Join African Institute for Development Policy (AFIDEP) this Saturday (20 Jan 2017) at @Pawa254 for a science-policy café on Rights, Governance and Youth Empowerment in Kenya. For more information on the event & tickets, click this link: bit.ly/2DErhl0
The United Nations Population Division estimates that children and young people below the age of 35 constitute an estimated 77% of Kenya’s total population that isfast inching towards 50 million. This means that the country’s policy decisions should be geared towards meeting the needs of this large youthful population, including investments in critical areas of human capital development such as education and skills development as well as health.
Join us for this science-policy café and be part of the conversation on how the youth in Kenya can be active participants and drivers of change in governance to achieve Kenya’s development goals.
THE SCIENCE-POLICY CAFÉ
The science-policy café is a model that allows deliberation of development issues in the context of the evidence available and the policy framework. This café shall deliberate key issues on the potential of Kenya’s youth through participation in governance. The format is having a panel that leads the discussion with participation from the audience for each issue.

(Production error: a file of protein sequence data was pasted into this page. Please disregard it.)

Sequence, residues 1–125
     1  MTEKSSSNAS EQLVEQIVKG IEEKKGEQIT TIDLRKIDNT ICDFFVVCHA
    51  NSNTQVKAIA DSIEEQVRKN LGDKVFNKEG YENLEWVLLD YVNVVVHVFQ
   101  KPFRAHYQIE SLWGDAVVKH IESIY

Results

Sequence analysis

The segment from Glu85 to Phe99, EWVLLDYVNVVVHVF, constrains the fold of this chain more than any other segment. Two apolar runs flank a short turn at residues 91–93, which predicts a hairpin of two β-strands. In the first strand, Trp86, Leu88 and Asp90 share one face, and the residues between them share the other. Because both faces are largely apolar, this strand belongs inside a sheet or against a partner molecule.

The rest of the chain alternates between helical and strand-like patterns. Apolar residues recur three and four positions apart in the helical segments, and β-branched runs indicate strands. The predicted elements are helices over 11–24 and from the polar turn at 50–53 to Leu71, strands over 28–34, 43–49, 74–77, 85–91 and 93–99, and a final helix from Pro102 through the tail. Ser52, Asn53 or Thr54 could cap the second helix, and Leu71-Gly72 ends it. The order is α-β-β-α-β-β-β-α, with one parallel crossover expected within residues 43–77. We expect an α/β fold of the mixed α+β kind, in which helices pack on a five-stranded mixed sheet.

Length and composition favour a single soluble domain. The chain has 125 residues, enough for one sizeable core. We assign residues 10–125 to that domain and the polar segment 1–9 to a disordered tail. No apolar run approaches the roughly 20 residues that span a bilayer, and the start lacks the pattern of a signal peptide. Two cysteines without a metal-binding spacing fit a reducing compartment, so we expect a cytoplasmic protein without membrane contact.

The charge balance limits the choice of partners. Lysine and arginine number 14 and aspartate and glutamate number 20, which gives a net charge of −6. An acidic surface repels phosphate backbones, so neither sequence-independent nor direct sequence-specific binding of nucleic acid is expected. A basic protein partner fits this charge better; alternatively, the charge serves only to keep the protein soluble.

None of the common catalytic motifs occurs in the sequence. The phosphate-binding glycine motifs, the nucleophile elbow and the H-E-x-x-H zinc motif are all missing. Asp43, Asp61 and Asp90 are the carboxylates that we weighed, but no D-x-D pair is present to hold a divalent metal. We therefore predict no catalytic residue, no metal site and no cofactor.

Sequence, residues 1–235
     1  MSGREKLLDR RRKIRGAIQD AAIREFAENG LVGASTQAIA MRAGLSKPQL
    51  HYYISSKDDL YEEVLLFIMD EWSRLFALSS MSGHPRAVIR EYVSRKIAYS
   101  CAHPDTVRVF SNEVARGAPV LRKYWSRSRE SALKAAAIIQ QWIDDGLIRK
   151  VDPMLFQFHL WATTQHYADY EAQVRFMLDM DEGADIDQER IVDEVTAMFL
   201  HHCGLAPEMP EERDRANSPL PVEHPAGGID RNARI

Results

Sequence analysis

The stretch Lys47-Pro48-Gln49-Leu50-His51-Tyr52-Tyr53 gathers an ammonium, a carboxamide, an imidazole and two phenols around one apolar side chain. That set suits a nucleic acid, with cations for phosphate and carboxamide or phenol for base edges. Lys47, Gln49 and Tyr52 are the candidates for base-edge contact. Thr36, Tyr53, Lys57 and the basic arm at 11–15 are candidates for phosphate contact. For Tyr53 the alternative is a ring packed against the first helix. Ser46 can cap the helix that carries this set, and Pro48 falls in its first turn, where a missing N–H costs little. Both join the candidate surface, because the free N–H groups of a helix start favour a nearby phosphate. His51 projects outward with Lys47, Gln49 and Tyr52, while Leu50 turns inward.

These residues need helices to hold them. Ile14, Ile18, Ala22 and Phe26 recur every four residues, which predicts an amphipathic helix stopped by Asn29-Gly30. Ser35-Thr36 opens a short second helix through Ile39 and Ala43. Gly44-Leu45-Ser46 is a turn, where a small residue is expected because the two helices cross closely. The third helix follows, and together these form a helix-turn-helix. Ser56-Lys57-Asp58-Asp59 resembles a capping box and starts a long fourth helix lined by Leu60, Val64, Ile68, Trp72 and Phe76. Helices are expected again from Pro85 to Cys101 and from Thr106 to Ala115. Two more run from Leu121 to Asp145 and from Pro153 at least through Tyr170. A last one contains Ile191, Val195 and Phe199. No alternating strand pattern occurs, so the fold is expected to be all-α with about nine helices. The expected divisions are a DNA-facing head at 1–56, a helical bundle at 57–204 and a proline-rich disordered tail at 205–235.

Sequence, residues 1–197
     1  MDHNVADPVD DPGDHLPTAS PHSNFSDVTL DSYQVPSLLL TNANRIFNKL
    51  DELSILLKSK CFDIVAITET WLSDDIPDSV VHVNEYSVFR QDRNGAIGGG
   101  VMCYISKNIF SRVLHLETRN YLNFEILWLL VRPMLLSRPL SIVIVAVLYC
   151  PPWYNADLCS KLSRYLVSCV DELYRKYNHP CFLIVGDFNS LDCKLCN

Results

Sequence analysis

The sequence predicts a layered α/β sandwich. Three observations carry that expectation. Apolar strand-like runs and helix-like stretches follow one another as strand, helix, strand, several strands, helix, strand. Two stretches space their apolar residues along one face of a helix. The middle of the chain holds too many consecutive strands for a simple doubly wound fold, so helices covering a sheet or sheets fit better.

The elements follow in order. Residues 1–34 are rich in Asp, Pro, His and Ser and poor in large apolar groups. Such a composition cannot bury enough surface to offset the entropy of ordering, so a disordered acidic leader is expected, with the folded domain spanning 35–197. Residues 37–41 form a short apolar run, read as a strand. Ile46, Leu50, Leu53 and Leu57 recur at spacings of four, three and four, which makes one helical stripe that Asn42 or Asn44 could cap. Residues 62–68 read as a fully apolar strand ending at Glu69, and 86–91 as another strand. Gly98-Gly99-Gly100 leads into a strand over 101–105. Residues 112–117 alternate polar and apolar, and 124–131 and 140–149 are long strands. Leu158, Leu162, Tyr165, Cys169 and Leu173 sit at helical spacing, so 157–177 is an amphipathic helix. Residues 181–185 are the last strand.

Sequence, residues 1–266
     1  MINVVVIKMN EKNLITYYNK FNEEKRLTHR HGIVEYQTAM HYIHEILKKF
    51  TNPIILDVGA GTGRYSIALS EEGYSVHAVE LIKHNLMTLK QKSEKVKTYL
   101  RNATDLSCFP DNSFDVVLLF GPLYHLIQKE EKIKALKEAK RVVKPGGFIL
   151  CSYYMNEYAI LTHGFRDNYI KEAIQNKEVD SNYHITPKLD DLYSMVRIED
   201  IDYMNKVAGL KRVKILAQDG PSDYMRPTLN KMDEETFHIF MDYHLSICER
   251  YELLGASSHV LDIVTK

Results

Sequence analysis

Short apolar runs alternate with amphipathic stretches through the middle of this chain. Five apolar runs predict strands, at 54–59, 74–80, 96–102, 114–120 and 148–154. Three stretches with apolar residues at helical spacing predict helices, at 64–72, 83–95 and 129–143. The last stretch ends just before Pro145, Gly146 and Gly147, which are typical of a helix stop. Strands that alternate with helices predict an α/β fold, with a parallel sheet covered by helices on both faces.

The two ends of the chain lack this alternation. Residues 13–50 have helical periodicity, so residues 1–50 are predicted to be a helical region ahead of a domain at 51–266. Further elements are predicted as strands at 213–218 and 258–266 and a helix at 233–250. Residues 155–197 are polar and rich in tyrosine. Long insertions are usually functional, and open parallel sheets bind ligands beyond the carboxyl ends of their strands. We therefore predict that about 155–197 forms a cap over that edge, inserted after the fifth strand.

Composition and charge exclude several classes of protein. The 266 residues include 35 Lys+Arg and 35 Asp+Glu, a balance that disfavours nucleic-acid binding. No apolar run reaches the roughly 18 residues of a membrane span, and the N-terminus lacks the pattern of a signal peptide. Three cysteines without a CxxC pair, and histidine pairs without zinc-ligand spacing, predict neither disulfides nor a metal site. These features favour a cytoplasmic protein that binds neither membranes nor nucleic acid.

Specifically, we shall deliberate:
1. To what extent has the 2017 general election campaigns critically considered issues affecting youth?
2. Was evidence (research evidence and routine data) used to inform the development of party manifestos and pronouncements made at public political campaign rallies?
3. What evidence is available on the state of Kenya’s youth population?
4. How can this large youthful population drive the country towards achievement of Kenya’s Vision 2030, the sustainable development goals (SDGs) and Africa Agenda 2063?
5. What is the existing policy framework on youth participation in governance and development (A look at Vision 2030; SDGs, Africa Agenda 2063 and the Africa Union Roadmap on the Demographic Dividend?
6. What are the challenges curtailing youth participation in governance; in instances where they are participating, is there meaningful change? What are the solutions to the prevailing challenges?